US consumer inflation accelerated in September, despite aggressive action by the Federal Reserve to tamp it down
New York (AFP) - Inflation kept its hold on the US economy in September, government data showed Thursday, with a higher-than-expected jump adding to headwinds facing President Joe Biden’s Democrats shortly before midterm elections.
Thursday’s consumer price report – the last before the November 8 vote to decide control of Congress – showed US prices rose 0.4 percent in September compared to August, twice the 0.2 percent projected by analysts, with increases for food, housing and medical care weighing on consumers.
While the annual rate of inflation slowed slightly to 8.2 percent from 8.3 percent, according to the Bureau of Labor Statistics data, analysts expressed increasing concerns that pricing pressures have become more ingrained in the economy.
Biden touted “some progress in the fight” but admitted that “prices are still too high” and that “we have more work to do” – as the disappointing data set the stage for more aggressive rate hikes by the US Federal Reserve.
Calling the price of gasoline “still too high,” Biden added that he would have “more to say about that next week.”
The Fed has been walking a tightrope for months in trying to wrestle inflation down from the current 40-year highs – without triggering a damaging recession in the world’s largest economy.
In an interview with CNN on Tuesday, Biden acknowledged the possibility of a mild recession, but said he didn’t think it was likely.
Thursday’s data showed core inflation, which strips out volatile energy and food prices, rose 0.6 percent in September, more than the 0.4 percent projected by analysts. The benchmark rose 6.6 percent for the year, a four-decade peak.
Other items that saw price increases in September included motor vehicle insurance, household furnishings and education. Items with decreases included used cars and apparel.
Republican candidates have blamed Biden for broad-based price increases as they seek to win back control of Congress from Biden’s camp – tying high gasoline prices to Democratic resistance to new oil and gas drilling and to the White House’s efforts to address climate change.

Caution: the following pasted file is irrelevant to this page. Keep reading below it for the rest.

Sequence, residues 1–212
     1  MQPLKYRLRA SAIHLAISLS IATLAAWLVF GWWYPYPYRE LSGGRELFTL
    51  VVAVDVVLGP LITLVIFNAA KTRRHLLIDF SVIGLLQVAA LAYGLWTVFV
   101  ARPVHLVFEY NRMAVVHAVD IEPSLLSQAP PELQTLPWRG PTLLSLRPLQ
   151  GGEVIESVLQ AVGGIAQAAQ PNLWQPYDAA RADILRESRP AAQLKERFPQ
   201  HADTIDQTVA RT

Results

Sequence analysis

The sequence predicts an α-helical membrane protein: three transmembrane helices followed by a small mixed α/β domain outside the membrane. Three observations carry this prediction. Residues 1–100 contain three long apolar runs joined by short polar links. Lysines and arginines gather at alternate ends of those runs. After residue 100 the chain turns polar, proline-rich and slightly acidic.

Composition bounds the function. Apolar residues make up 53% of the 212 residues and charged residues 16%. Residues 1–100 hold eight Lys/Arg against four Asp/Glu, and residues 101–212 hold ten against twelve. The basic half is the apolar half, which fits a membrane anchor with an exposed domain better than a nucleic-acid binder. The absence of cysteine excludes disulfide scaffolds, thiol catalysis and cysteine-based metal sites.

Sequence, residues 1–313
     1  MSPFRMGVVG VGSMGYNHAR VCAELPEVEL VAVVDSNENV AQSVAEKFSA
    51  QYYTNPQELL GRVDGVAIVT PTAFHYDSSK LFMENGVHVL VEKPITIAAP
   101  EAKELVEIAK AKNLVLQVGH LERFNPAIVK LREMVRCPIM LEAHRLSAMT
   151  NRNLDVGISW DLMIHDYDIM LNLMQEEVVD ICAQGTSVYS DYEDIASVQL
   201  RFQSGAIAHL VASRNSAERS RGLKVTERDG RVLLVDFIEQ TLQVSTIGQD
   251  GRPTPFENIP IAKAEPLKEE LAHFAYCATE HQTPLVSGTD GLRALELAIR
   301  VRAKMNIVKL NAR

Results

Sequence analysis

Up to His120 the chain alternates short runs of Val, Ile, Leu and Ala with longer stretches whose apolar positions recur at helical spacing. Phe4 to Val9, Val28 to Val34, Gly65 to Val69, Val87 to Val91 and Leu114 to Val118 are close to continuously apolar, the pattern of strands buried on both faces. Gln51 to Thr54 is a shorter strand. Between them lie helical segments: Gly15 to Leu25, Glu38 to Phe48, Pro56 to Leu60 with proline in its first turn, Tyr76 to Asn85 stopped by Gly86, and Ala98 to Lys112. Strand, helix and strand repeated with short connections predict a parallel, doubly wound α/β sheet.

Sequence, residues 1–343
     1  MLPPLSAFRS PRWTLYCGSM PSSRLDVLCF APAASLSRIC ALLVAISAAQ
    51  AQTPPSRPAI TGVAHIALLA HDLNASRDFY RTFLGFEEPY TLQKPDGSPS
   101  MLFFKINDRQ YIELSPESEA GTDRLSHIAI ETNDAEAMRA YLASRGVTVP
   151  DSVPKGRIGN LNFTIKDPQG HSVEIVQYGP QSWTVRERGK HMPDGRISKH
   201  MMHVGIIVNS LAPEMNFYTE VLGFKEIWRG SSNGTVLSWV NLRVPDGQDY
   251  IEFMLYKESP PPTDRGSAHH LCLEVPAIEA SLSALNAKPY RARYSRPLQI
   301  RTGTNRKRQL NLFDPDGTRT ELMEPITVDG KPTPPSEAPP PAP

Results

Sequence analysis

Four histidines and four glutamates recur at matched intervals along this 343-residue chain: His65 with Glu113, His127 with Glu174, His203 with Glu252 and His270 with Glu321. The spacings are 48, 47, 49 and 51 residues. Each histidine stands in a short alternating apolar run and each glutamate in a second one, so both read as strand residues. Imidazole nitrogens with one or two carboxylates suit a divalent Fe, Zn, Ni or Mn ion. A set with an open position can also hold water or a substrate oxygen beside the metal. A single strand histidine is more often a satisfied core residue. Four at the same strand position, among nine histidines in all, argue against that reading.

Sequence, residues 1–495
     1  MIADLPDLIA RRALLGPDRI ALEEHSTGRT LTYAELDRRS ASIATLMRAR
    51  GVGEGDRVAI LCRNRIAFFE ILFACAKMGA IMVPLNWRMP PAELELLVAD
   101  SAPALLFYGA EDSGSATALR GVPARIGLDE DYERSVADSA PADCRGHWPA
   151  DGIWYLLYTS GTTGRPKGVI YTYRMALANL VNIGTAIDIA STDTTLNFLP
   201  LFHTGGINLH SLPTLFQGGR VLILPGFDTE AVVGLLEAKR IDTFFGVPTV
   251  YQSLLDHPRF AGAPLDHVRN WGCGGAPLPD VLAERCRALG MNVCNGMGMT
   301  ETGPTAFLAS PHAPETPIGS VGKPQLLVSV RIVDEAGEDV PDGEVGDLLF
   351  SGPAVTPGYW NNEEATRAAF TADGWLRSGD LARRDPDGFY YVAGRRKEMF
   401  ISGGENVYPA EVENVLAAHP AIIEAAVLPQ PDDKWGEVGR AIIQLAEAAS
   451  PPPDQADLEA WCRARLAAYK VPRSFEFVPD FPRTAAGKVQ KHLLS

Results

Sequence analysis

Treasury Secretary Janet Yellen and other Biden administration officials have defended their policies, attributing price increases to supply chain problems and other unforeseen events, such as the Russian invasion of Ukraine that has boosted prices for energy, wheat and other commodities.
At an event with European Union officials, Yellen – a former Fed chair – noted “favorable indicators on easing of supply chain bottlenecks and softening of labor market pressures,” but added, “we need to see sustained progress and bringing down inflation remains the President’s number one economic priority.”
- More Fed pain ahead -
The most recent data is certain to disappoint the Fed, which in September enacted its third straight increase of 0.75 percentage points as Chair Jerome Powell acknowledged that there isn’t a “painless” way to bring inflation down.
But Thursday’s data showed the Fed’s actions thus far have come nowhere near realizing the goal of two percent inflation over the long run. The central bank has aimed to stop inflation before it becomes ingrained in the economy
Analysts said the disappointing report not only boosts the odds of another 0.75 percentage point hike in November, but also raises the chances for a supersized December rate hike, or for bigger increases down the road.
Higher interest rates weigh on the economy as they increase the cost for mortgages, car loans and other debt products.
Stocks, which have been in retreat over the last month, gyrated following the report, initially tumbling as the market priced in higher interest rates, but later staging a rally.
The Dow Jones Industrial Average ended at 30,038.72, up 2.8 percent and nearly 1,400 points above its session low point in a rebound attributed to technical trading factors.
- Cost-of-living adjustment -
In one bright spot for US consumers, the Social Security Administration announced it was boosting its payments by 8.7 percent in 2023 in the largest cost-of-living adjustment to retirees since 1981.
Retail industry analyst Neil Saunders of GlobalData pointed to one other silver lining: With many retailers facing excess inventories due to supply chain snafus in recent months and unpredictable consumer demand during the pandemic, “discounting will remain elevated” through the holiday shopping season.
While inflation is moderating in some categories, pricing pressure for energy and other essential goods will pose challenges in the upcoming period, Saunders said.
“While many households are now used to inflation, higher energy bills during the winter months could be the next big blow to consumer confidence,” he said.
Fleshing out that point, the Energy Information Administration signaled consumers should expect higher heating bills this winter.
The average household using natural gas will pay $931 this season under the base case weather scenario, up 28 percent from last winter, according to the agency’s winter fuel outlook.